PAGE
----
„„
„„
Restrictive covenants
The reason for having restrictive covenants in the investment agreement is broadly similar to
the reason for having restrictive covenants in a contract of employment. They are intended
to prevent you and your fellow managers engaging in activities which may damage the
business of the company. The covenants are necessary in the investment agreement as well
as contracts of employment, as this gives the institutions a direct cause of action against a
manager for any breaches.
Although restrictive covenants in an investment agreement will look similar in content to those in
a contract of employment, the covenants in the investment agreement can be harsher in scope.
However, to be enforceable restrictive covenants must be reasonable. What is considered
‘reasonable’ in a contract of employment is determined by reference to the person bound by the
covenant being an employee, who has a basic right to earn a living, and who therefore should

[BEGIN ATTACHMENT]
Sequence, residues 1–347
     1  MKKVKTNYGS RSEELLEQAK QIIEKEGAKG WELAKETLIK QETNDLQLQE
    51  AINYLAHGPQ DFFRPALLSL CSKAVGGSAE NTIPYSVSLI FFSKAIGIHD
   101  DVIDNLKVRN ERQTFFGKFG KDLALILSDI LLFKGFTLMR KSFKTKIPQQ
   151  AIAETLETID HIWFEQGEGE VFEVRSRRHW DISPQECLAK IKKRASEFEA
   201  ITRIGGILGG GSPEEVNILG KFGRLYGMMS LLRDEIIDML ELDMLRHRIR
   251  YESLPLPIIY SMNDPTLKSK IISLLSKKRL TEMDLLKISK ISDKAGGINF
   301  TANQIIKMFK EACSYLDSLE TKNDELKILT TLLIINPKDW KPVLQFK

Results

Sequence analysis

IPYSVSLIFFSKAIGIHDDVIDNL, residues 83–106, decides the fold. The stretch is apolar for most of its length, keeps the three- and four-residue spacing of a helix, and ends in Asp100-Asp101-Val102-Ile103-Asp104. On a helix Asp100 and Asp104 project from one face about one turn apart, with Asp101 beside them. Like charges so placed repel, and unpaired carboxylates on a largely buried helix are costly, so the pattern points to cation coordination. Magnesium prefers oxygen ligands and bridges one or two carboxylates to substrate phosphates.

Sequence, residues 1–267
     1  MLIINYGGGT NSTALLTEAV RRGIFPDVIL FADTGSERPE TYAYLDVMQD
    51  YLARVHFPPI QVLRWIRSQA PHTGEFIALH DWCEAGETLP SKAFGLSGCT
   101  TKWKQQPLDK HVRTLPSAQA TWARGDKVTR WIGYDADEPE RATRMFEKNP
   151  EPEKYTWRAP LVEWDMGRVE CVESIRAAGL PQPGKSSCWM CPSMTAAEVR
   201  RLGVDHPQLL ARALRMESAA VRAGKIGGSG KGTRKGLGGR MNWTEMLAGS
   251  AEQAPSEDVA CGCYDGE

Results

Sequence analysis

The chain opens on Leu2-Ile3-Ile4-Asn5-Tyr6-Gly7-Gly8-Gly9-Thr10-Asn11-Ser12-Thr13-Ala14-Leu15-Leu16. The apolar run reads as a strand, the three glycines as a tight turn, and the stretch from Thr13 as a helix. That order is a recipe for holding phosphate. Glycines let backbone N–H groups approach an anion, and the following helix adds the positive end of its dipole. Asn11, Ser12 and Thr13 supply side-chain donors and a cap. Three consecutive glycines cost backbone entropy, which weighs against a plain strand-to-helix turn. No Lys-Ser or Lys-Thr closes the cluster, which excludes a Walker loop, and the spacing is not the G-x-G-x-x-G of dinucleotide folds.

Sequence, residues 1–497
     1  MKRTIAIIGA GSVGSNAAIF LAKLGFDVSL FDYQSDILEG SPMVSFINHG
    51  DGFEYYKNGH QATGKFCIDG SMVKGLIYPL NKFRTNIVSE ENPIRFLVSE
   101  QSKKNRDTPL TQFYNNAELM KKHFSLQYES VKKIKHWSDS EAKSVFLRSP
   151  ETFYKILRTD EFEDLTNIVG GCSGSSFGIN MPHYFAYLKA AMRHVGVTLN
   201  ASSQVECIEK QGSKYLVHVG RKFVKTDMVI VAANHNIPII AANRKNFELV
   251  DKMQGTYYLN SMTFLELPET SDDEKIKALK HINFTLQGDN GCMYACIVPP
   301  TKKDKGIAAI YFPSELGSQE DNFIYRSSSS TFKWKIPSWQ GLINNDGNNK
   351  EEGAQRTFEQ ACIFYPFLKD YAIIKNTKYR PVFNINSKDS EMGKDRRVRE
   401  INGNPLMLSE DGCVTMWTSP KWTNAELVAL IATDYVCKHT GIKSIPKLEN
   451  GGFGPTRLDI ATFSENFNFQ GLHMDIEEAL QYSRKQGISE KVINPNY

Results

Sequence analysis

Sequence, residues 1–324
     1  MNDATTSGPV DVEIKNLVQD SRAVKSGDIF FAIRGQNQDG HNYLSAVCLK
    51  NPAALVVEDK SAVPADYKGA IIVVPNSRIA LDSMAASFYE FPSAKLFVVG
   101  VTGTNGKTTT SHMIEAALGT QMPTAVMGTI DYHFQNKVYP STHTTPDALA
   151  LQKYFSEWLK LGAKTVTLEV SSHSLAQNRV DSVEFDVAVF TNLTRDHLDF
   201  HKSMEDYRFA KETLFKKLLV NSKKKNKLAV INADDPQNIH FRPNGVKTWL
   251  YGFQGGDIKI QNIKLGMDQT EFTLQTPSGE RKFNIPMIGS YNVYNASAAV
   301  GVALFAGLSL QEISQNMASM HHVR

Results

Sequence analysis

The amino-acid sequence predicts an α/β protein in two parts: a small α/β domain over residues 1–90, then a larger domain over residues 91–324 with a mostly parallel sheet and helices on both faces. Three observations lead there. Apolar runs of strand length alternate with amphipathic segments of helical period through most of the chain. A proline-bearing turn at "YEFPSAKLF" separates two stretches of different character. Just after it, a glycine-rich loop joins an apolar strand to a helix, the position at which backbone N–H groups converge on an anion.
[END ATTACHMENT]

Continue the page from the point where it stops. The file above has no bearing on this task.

| 08
<< Contents
not be restricted from working without legitimate justification. In an investment agreement
‘reasonableness’ is determined by reference to investors being induced to invest in a company in
part by the restrictive covenants. It is therefore usual to see more onerous restrictive covenants
in the investment agreement than those in contracts of employment. Make no mistake, if
properly drafted these will be enforceable and therefore, need to be closely reviewed.
Key provisions in the articles of association
Pre-emption rights
An institutional investor will often insist that if the company wishes to issue shares, or a
shareholder wishes to sell his or its shares, then those shares are offered first to the institutions.